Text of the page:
Background: Therapist competence may be an important factor in determining clinical outcome in psychological therapies. However, there are few published studies of therapist competence v. patient outcome from randomized controlled trials. We tested the hypothesis that higher levels of therapist competence would lead to better clinical outcomes in both patient- and observer-rated measures at 6- and 12-month follow-up.
Method: A random sample of 49 audiotapes of manual assisted cognitive therapy sessions delivered by 21 therapists involved in the Prevention of Parasuicide by Manual Assisted Cognitive Behaviour Therapy trial was rated to assess the level of therapist competence. Patient outcome was assessed using self and observer ratings of depressive and anxiety symptoms, social functioning, global functioning and number of episodes of deliberate self-harm.
Results: At 6-month follow-up, there was a statistically significant association between therapist level of competence and observer-rated depression only. At 12-month follow-up, significant associations were noted between therapist competence and all observer-rated clinical outcomes but not for self-rated outcome measures. However, there was no association between therapist competence and the number of self-harm episodes during follow-up.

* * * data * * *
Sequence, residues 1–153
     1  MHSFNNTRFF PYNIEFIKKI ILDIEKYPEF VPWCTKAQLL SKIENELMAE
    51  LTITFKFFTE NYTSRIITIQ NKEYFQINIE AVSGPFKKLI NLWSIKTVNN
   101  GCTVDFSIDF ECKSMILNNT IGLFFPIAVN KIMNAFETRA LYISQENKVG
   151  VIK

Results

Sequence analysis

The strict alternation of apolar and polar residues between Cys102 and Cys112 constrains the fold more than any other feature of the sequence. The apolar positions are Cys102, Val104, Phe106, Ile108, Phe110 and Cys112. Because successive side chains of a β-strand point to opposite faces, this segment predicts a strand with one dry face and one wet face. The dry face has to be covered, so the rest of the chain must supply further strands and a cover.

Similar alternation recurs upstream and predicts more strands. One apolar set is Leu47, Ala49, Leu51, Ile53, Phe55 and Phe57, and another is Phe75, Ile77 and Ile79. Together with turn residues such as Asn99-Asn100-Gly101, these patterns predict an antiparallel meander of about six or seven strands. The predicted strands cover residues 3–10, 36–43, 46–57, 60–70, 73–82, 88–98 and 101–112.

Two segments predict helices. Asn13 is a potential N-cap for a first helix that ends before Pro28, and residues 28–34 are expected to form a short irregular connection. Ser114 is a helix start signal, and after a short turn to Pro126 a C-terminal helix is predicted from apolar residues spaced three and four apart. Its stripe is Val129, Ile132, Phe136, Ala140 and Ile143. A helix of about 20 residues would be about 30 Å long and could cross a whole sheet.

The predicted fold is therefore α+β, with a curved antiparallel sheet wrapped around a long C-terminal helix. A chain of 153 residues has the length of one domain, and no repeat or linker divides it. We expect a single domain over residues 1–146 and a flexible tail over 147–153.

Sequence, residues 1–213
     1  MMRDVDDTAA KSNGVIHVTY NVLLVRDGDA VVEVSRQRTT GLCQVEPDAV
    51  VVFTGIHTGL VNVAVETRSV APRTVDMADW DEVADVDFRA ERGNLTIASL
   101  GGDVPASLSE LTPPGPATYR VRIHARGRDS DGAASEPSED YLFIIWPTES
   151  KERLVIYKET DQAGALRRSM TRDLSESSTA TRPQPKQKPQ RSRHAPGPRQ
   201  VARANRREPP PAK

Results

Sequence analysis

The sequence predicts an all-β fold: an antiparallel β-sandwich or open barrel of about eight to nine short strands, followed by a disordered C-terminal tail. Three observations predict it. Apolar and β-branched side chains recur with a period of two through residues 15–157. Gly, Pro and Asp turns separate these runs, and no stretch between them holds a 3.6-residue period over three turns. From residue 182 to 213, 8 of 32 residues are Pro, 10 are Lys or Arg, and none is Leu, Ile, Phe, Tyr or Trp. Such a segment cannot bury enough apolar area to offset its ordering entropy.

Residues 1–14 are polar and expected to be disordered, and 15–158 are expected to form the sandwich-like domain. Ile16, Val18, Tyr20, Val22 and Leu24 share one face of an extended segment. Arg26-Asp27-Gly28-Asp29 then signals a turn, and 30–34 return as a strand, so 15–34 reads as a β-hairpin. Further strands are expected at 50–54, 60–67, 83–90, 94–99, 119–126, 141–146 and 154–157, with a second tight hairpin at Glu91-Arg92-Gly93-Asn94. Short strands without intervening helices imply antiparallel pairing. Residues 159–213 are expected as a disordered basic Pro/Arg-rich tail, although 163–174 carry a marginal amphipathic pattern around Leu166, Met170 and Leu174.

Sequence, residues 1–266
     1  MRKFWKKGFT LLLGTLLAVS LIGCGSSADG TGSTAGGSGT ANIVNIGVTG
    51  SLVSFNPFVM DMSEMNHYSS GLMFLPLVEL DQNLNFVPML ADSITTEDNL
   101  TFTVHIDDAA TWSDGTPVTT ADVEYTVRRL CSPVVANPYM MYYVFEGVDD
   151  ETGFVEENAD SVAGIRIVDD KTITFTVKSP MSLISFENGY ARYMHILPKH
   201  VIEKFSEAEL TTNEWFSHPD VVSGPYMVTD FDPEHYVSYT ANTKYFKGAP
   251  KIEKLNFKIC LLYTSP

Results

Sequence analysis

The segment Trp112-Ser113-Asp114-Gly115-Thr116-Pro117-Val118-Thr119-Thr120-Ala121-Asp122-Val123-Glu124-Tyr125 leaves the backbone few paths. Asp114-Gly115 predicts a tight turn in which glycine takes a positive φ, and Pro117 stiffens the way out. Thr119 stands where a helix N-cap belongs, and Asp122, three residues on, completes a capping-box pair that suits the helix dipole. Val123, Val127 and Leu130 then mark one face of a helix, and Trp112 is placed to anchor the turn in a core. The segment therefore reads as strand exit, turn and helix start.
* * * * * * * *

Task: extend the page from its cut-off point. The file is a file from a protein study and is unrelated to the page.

Conclusions: When treated by therapists rated as more competent than other therapists who received equivalent brief training, patients with recurrent self-harm show significant clinical improvements. However, this benefit is not identified across all outcome measures and is not fully apparent until 12-month follow-up.